But the tiny works are no less compelling in their own right. “Bust of Lorenzo de’ Medici, known as the Magnificent,” on loan from the Silver Museum, is a 16th-century agate-and-gold cameo celebrating his role as an art patron. It presents a highly idealized version of Lorenzo, who “happened to be a rather ugly man,” says Ms. Leopardi. “It’s unfortunate that back then external beauty was considered a sign of your internal disposition-of the beauty of the soul.” Placed next to it is an ancient cameo “Bust of Minerva” from the late first century B.C. “Here, so cleverly, you have Lorenzo and his collection facing each other,” she says. Perhaps more interesting is that this is not just the only gem remaining in Florence bearing Lorenzo’s mark, “LAV.R.MED”-he had most of his gems engraved as such-but also that the “R” likely stands for Rex.
“Some scholars suggest that Lorenzo was styling himself as a king. It appears that as he’s accumulating these objects what he’s also doing-along with many of these dukes and princes who collected these gems-was styling himself in the manner of Roman emperors,” Ms. Leopardi says.
One of the most famous gems of Lorenzo’s collection-“Apollo, Marsyas and Olympos,” a carving on carnelian dating from the first half of the first century, from the Archaeological Museum of Naples-bears those same initials. “It was probably executed by an artist who worked for the emperor Augustus. When Lorenzo bought it, he believed it to be the Emperor Nero’s private, personal seal,” Ms. Leopardi says.
And this illustrates another essential aspect of these pieces. Though we think of these gems today as purely oggetti d’arte, over time they’ve served various functions.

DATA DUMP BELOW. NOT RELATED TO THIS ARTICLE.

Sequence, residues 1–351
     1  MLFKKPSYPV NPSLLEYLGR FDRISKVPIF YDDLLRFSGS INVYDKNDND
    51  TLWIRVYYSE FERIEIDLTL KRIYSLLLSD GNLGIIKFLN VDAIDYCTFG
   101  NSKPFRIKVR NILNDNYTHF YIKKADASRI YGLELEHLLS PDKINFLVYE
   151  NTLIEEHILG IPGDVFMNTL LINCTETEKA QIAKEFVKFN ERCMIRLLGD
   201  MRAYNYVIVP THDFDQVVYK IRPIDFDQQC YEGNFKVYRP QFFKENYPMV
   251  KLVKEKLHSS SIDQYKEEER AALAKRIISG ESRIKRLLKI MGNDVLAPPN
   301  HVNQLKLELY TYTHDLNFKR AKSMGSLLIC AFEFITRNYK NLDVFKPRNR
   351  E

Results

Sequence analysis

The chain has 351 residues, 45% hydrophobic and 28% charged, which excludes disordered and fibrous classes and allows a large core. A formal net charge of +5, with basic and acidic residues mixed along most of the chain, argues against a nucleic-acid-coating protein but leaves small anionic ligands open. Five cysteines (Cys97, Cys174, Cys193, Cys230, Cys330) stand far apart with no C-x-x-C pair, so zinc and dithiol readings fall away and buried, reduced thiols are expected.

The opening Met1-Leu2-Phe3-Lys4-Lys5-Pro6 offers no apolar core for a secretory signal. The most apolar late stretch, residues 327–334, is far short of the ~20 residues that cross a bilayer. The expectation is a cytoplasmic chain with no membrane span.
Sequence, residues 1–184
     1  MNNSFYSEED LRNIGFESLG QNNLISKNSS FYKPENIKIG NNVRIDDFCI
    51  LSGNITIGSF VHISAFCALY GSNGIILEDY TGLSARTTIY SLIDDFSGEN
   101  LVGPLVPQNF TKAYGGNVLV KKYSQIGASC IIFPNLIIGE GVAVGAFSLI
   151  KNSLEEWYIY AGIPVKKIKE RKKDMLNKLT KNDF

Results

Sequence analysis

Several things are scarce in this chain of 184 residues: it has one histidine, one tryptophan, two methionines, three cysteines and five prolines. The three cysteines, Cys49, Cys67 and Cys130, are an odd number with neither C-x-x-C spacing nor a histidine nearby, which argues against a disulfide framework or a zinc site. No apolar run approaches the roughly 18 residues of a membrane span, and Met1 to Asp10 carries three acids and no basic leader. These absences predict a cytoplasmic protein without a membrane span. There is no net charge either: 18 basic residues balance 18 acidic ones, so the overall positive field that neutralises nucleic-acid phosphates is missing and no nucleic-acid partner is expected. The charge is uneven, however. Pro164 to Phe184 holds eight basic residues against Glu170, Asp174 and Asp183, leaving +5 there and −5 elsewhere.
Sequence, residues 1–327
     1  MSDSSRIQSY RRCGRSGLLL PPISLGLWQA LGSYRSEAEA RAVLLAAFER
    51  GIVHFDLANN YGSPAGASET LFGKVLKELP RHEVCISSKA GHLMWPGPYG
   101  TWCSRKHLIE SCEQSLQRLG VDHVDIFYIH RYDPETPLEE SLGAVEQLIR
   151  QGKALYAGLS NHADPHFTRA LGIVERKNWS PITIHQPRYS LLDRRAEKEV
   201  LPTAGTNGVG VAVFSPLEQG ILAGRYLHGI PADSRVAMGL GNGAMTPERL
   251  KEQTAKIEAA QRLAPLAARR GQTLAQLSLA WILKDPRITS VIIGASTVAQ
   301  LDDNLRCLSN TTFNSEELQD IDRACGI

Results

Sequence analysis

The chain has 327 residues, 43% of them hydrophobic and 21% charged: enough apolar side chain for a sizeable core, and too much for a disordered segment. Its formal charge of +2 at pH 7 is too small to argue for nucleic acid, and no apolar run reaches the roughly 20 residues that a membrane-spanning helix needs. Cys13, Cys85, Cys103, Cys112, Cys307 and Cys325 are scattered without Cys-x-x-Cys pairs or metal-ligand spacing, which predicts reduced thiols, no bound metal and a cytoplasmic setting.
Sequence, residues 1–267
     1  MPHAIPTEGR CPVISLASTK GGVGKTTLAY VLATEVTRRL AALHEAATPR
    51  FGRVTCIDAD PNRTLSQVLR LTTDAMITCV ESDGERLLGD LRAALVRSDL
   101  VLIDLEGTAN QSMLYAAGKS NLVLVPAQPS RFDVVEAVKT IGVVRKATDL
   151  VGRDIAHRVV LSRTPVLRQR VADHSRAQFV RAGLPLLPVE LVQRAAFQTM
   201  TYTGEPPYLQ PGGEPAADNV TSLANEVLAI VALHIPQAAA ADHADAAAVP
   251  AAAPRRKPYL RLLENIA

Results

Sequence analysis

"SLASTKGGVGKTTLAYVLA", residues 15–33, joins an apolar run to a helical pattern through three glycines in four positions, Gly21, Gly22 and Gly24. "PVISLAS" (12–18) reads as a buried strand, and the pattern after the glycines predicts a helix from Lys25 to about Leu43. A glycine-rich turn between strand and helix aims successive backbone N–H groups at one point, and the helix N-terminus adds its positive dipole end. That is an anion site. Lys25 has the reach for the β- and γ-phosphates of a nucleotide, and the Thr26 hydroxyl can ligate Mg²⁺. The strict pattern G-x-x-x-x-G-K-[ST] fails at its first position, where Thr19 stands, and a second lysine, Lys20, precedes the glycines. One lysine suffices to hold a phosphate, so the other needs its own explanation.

During the Renaissance, intaglios, like the carnelian-and-gold “Bust of Girolamo Savonarola,” the Medici critic notorious for the “burning of the books, the bonfires of the vanities,” embellished clothing and decorative objects. Cameos were also used as jewelry-sometimes after modifications were made. Pointing out a third-century onyx, gold, enamel and pearl cameo, “Dionysus and Ariadne on Naxos,” Ms. Leopardi says it was most likely transformed into a hat pin or pendant in the 1500s after a gold mount was added.
In ancient times, however, such objects played a more significant role, with the intaglios used as seals (because these carvings were incised rather than raised) and the cameos employed as symbols of the state. “These gems and jewels become one way to promulgate your image as an emperor. Since there was no Internet, or even photography, how could you make sure everyone knew what you looked like? Put your image on a coin or on gems that you give as gifts.”
Perhaps no one understood the concept of art as propaganda better than the Medici. “In the 15th century,” says Ms. Leopardi, “their extensive political network allowed them to effectively rule the city of Florence, then a republic, and style themselves as benevolent dictators. By the end of their ‘reign’ in the 1700s, what was once propaganda became the nucleus of the artistic holdings of several Florentine museums.”